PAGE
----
FIG. VII represents stroboscopic views of the ball as and after being struck by the club. Camera 37 with a nonparallaxial view of the ball is triggered with the stroboscope 36 and photographs the ball in its restricted flight, its positions, and the position of cushion 35. A photographic print or video reproduction on a TV screen may be used. X shows the path of the ball as its is manually pivoted at the center and bottom of the base with the length of the base, the rod and the diameter of the ball as a radius. Y and Z show the paths of the ball after being struck by a club, base 22 stretching in proportion to the force of the stroke and the radius increasing to the extent of the stretch. Prior art showing general means for utilizing stroboscopic viewing for use in Golf Practice Apparatus is disclosed in A. L. McNeill US. Patent ibid. An accurate stroke directed along the center line of flight will propel the ball from its position of rest A to rubber cushion 35. A stroke that draws inward across the face of the ball to give a slice or otherwise propels the ball to the right forces the ball to position B or its proximity on cushion 35 FIG. VI while a stroke that brushes outward across the face of the ball to give a cut or otherwise propels the ball to the left forces the ball to position 0' or its proximity on cushion 35. FIG. VII gives strobe scopic side views of the ball-rod-base assembly prior to impact of the club, midway to and at impact of the ball with cushion 35, the force of the blow bending and stretching the base 22. Stretching action on base 22 extends the reach of the ball causing it to strike cushion 35 at a distance from the centerline of base 22 that increases with the increased force of the club stroke.
A high speed camera 37 is focused on the ball to analyze the stroke. The recorded spin around the vertical axis of the ball indicates either a slice or a hook .and the degree of turn or spin, the amount of slice or book, no spin or part spin about the vertical axis denoting a perfect stroke with respect to direction. The recorded deviation of the ball from the true line of flight A-A indicates strokes that will drive the ball to the right or to the left of the perfect line of flight i.e. respectively along lines A-B or A- C' while intermediate deviations lessen amounts of error. The recorded top spin or under spin i.e. rotation of the ball about its horizontal axis may similarly be measured and visually recorded.
Any suitable means for detecting the aforesaid motions of the ball while in flight from its initial position and its final position on cushion 35 may be used such for example marks on the surface of the ball which will show such movements eg one or more dots, lines, crosses or the like.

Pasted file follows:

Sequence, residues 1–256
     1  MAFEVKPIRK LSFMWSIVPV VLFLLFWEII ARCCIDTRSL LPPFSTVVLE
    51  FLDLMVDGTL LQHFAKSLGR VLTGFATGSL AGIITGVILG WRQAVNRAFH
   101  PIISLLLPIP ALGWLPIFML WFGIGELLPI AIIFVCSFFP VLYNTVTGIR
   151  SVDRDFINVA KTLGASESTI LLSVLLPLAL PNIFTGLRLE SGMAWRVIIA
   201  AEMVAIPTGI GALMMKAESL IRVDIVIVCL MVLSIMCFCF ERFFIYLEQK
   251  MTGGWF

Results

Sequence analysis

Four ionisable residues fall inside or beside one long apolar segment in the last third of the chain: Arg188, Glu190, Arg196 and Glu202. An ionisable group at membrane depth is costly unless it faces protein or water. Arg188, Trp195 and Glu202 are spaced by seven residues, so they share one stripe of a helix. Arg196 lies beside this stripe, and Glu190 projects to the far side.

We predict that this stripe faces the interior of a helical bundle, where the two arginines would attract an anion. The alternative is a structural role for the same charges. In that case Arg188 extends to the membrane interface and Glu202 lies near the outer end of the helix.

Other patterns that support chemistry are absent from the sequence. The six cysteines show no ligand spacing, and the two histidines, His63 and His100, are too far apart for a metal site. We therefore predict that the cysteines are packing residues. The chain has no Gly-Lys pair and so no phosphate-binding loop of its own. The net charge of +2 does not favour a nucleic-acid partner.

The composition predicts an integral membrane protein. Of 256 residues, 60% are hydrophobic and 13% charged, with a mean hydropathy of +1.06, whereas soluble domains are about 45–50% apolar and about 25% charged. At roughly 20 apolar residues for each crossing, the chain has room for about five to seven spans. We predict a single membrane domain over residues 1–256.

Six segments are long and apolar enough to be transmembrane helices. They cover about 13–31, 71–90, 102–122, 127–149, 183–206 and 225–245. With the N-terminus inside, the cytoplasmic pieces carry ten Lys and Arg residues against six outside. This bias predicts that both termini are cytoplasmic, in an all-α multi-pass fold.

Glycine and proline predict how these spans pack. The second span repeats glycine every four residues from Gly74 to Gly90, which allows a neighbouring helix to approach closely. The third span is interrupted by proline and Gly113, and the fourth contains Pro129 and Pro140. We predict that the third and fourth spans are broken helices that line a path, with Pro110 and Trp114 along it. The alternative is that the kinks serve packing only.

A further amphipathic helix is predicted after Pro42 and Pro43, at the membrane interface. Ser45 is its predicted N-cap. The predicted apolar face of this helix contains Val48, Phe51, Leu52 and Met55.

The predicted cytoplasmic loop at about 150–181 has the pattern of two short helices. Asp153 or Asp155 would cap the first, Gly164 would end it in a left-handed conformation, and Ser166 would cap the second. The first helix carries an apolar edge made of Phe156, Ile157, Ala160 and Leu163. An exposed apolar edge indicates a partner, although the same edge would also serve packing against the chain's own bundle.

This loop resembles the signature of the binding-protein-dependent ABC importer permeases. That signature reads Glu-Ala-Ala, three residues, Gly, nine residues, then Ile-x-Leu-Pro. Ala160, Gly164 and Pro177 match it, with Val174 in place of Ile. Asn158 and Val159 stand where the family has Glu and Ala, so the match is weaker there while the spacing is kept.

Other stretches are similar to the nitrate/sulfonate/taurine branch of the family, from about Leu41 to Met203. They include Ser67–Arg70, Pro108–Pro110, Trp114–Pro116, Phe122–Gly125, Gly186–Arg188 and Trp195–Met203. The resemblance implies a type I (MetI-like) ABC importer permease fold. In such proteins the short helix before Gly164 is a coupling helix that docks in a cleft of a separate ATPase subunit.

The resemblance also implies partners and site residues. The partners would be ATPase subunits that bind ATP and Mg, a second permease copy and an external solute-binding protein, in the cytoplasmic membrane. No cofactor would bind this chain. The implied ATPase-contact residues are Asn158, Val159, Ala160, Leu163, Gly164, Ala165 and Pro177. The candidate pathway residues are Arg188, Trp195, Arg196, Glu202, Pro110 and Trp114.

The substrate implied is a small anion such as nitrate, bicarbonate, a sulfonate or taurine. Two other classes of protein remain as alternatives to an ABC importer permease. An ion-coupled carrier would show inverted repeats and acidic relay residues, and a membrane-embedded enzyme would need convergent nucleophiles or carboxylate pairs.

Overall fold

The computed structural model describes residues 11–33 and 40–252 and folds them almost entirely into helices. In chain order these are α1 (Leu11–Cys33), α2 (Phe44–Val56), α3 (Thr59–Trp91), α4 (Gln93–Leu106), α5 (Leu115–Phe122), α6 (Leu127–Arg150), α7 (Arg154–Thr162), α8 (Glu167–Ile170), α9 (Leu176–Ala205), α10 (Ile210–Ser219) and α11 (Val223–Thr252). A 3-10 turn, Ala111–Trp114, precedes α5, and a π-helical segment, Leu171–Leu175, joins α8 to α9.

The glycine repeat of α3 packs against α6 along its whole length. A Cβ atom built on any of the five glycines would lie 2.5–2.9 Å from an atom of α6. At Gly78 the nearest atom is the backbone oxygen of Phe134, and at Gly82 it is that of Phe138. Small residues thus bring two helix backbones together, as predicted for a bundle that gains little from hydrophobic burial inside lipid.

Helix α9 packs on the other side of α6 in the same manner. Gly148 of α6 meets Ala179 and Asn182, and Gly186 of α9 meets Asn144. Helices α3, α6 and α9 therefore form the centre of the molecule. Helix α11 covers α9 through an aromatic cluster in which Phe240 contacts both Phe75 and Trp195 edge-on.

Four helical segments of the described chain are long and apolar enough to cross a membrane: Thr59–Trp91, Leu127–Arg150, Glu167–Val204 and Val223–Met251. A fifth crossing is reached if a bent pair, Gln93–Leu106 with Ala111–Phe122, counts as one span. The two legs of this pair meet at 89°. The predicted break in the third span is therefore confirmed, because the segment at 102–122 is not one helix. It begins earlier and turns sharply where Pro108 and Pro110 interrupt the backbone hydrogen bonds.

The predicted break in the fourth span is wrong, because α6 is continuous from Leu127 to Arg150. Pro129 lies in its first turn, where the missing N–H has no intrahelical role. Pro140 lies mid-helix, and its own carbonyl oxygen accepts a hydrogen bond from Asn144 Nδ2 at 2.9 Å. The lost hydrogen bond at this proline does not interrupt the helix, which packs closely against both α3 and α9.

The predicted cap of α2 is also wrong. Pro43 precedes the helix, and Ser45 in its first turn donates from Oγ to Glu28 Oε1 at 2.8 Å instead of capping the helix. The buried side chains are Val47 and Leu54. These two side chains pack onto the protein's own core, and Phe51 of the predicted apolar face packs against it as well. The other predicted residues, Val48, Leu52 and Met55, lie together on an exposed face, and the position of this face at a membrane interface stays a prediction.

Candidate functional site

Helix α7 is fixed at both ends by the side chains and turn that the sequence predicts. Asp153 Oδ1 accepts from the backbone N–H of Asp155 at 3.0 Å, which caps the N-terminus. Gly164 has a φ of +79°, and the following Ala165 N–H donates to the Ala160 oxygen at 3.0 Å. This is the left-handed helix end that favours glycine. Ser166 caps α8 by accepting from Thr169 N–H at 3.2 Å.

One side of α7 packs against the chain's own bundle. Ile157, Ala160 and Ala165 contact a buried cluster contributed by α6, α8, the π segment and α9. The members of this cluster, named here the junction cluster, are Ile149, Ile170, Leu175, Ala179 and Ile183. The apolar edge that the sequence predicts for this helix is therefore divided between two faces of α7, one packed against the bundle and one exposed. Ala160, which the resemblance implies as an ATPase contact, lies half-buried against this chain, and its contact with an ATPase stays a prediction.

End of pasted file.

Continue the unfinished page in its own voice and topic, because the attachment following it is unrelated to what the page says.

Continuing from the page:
The force with which the ball is struck may also be measured in any suitable manner, for example, by well established mechanical, hydraulic or electrical means to record the depression of cushion 35 caused by its reaction to the blow received by the ball.
The recordings, by photograph or by screen, of the stroboscopic camera 37 and the force of the stroke as received, by the detecting device used, on the cushion 35 are transferred by any suitable electronic translating means to the simulated golf course in view of the player. Those skilled in the electronic field can by well known means also provide instruments to show visually to the player by appropriately metered dials the precision of the players stroke, the distance he would have driven a golf ball, and importantly to assist him in improving his game, the degree of hook or slice or top or bottom spin he has given to the ball whereby he has departed in his stroke from that of a perfection which would result from a perfectly swung club against the optimum points of impact of club with ball.
It will be apparent to those skilled in the art that various modifications and alterations may be made in the invention without departing from the teachings and scope thereof, and such deviations are to be construed as part of the invention.
What is claimed is:
1. Golf apparatus comprising a horizontally extending foundation member, a supporting element, a rod having upper and lower ends and a spherical element simulating a golf ball, said supporting element comprising a first portion elongated upwardly from said foundation member and having upper and lower ends, a circular flange integrally secured to and extending outwardly from the lower end of said first portion, the material of said first portion and flange being a urethane elastomeric vulcanizate having a Shore A durometer hardness of 86-90 (ASTM-D-676), means for locking said flange to said foundation member and preventing relative movement therebetween, means for securing the lower end of said rod to the upper end of said elongated portion, means for securing said spherical element to the upper end of said rod, the material of said spherical element being a urethane elastomeric vulcanizate having a Shore A durometer hardness of 94-97 (ASTM-D-676).
References Cited UNITED STATES PATENTS 1,527,716 2/1925 Tippen et al 273-198 2,039,633 5/1936 Clark 273 2,926,919 3/ 1960 Halloran 273-200 X 3,238,156 3/1966 Kohrn 273-218 X FOREIGN PATENTS 442,241 2/ 1936 Great Britain.
OTHER REFERENCES Development Products Report No. 12, Elastomer Chemicals Department, October 1958, E. I. du Pont de Nemours and Co., Inc., Wilmington, Del.
GEORGE I. MARLO, Primary Examiner.
U.S. Cl. X.R.